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Growth and job creation are the major challenges for the global economy while the low interest rate environment presents a risk, the International Monetary Fund's (IMF) deputy managing director Zhu Min told CNBC on Tuesday.
It's important for central banks to keep interest rates low amid weak global growth but the rise in risk appetite amid ample liquidity is a concern, Zhu said.
"We see long-term uncertainty for the people looking for yield... or for the returns in the market," said Zhu. "[It's] important to observe the risks associated with low interest rates."
Interest rates at major central banks including the Federal Reserve, the European Central Bank and the Bank of England are currently at record lows.
The two biggest economies
The timing of a Fed rate hike has been the subject of much debate this year. It's uncertain whether the Fed will act in the first or second half of 2015 but whatever happens, Zhu doesn't expect the central bank to take markets by surprise.
"I don't think we will see rates rising very soon and very quickly because growth is still relatively weak," he said. "Growth inthe first half of the year was surprisingly weak."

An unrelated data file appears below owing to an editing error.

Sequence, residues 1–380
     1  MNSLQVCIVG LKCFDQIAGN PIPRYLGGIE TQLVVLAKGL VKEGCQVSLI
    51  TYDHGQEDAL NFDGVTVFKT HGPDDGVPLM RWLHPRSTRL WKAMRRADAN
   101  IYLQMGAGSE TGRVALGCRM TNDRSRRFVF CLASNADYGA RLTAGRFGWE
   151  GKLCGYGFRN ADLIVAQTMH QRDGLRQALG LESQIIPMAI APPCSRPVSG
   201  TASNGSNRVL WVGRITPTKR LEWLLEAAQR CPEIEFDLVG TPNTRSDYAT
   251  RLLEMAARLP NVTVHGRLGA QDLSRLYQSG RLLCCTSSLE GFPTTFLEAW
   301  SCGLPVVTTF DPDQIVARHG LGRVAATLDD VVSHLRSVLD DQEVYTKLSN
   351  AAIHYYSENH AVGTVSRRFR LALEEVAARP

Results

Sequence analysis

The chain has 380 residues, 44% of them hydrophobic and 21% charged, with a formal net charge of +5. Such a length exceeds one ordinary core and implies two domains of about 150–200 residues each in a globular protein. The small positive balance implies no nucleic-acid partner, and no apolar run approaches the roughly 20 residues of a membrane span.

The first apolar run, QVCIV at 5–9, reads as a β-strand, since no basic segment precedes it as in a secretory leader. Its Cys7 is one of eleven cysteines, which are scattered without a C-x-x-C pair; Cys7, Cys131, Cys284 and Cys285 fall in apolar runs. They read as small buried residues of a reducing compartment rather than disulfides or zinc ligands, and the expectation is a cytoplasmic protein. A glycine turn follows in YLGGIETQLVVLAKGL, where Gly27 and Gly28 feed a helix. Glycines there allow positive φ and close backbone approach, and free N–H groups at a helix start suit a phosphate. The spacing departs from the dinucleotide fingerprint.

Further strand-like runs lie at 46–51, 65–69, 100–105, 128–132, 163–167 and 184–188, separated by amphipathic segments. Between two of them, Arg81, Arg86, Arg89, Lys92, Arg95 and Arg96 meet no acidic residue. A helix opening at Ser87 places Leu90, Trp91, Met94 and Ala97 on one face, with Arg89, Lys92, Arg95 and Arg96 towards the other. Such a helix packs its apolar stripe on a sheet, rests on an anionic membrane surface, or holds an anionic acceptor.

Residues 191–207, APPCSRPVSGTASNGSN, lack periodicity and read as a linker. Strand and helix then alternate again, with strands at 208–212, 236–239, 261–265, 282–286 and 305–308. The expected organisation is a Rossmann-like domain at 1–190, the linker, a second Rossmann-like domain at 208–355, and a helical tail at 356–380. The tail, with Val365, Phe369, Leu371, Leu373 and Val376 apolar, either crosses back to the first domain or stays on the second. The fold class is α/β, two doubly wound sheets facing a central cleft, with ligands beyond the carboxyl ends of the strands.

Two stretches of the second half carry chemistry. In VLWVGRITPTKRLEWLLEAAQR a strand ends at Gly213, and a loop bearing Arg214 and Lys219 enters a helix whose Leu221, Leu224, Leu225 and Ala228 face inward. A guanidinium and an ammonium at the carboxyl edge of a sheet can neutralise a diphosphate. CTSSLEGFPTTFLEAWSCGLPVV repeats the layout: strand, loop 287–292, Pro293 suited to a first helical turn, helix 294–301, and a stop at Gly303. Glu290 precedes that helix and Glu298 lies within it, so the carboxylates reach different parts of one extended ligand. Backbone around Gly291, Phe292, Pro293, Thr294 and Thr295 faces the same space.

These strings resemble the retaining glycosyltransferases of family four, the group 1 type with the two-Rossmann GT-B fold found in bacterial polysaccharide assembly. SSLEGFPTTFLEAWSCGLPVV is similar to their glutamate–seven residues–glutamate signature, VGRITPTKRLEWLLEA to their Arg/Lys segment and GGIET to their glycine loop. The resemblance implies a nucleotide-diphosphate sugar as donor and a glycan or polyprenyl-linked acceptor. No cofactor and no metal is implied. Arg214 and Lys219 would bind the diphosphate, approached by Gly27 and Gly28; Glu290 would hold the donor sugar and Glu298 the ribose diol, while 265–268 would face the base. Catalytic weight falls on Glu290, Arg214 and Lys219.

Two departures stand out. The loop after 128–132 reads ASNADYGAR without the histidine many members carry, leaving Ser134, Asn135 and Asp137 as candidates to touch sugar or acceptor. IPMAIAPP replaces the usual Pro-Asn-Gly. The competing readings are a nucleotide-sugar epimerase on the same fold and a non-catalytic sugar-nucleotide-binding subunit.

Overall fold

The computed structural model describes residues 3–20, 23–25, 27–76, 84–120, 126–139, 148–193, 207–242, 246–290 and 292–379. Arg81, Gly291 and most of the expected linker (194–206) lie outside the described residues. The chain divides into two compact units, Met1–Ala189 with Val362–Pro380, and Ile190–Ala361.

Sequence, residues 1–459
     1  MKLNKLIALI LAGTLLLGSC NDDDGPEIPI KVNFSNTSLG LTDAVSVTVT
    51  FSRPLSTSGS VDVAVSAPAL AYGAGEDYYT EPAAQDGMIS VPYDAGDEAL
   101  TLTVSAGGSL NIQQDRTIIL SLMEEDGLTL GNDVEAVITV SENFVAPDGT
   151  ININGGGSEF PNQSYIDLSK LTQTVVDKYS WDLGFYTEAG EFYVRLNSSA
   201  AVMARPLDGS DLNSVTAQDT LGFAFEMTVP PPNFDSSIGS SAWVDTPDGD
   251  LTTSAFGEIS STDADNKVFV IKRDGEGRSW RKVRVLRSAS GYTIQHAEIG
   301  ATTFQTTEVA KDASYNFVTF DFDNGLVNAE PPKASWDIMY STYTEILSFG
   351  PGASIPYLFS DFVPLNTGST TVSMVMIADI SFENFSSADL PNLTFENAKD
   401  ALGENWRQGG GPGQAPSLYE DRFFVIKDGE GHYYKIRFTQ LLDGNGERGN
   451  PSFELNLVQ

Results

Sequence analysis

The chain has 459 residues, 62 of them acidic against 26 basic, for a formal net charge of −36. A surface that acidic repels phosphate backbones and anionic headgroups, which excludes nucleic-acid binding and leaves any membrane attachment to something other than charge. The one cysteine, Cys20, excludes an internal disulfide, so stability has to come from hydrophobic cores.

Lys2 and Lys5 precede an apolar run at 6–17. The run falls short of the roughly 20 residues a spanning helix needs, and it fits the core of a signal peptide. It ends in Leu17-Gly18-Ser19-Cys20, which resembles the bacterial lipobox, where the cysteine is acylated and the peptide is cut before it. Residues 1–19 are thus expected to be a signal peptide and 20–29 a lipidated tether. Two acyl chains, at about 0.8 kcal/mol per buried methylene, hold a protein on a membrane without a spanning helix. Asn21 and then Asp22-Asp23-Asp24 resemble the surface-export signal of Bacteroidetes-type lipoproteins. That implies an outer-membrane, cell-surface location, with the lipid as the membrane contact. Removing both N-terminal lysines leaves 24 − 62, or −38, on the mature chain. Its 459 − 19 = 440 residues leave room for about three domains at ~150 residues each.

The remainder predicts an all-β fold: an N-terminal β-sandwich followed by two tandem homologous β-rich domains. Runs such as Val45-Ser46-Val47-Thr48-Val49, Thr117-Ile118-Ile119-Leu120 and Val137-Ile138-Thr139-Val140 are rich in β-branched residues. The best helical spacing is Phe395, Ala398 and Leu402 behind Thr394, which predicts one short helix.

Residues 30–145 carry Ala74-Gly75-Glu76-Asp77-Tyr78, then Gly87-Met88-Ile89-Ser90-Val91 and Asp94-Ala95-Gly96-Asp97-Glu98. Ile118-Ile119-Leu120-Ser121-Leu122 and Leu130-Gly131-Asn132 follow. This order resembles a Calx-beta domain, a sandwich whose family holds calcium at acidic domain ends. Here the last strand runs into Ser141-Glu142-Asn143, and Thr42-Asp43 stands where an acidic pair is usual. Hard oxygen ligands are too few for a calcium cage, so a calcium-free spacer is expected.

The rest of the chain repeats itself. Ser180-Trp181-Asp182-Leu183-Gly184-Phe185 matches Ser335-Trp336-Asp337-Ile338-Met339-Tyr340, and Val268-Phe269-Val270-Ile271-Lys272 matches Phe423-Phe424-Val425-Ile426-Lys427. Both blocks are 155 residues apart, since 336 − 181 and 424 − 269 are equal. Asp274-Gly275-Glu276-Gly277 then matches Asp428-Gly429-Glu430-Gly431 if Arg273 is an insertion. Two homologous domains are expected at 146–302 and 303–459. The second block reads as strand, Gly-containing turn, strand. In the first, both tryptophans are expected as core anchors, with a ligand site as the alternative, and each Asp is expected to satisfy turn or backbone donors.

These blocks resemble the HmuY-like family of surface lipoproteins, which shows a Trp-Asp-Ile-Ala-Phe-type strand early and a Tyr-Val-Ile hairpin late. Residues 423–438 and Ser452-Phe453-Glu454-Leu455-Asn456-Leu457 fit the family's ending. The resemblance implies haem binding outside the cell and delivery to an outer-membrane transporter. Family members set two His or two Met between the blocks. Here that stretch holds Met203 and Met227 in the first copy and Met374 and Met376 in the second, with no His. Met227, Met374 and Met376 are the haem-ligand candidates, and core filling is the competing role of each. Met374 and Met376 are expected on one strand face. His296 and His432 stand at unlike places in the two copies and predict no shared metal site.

Meanwhile, Zhu seemed upbeat on the Chinese economy despite IMF director Christine Lagarde's warning of a potential hard landing in April.
"Overall the Chinese economy runs quite well, and we expect the Chinese growth rates for this year [at] roughly from 7.2 to 7.5 [percent]," he said, noting that low inflation of 2.3 to 2.4 percent would help.
China set a 2014 growth target of 7.5 percent at the National People's Congress in May. Talk of a 'hard landing' began last year as China's transition away from a manufacturing-led economy weighed on growth and increased this year amid mixed economic data, though few agree on what would constitute a hard landing.
Ukraine "on track"
Separately, Zhu also told CNBC that Ukraine is on track with conditions of the organization's loan program.
On Friday, the IMF signed off on its first review of Ukraine's $17 billion loan program, unveiled in May, releasing $1.4 billion in fresh funds.However, it warned of looming risks should tensions between Ukraine and Russia escalate.
Anti-government protests in February saw the overthrow of Ukrainian president Viktor Yanukovych and paved the way for Russia's annexation of Crimea in March. Political and military turmoil continue to afflict Ukraine, dragging the economy and undermining the currency.
Still, Ukraine is making good progress with most of its loan obligations, especially in facilitating economic reforms, Zhu said.
"The government is open to take on and carry out structural reforms to promote further growth. I think that's very important, for us to work together to ensure the program is on track continuously," he said.
"At this moment, I think the debt restructuring and the debt re-profiling are not on the table," he added.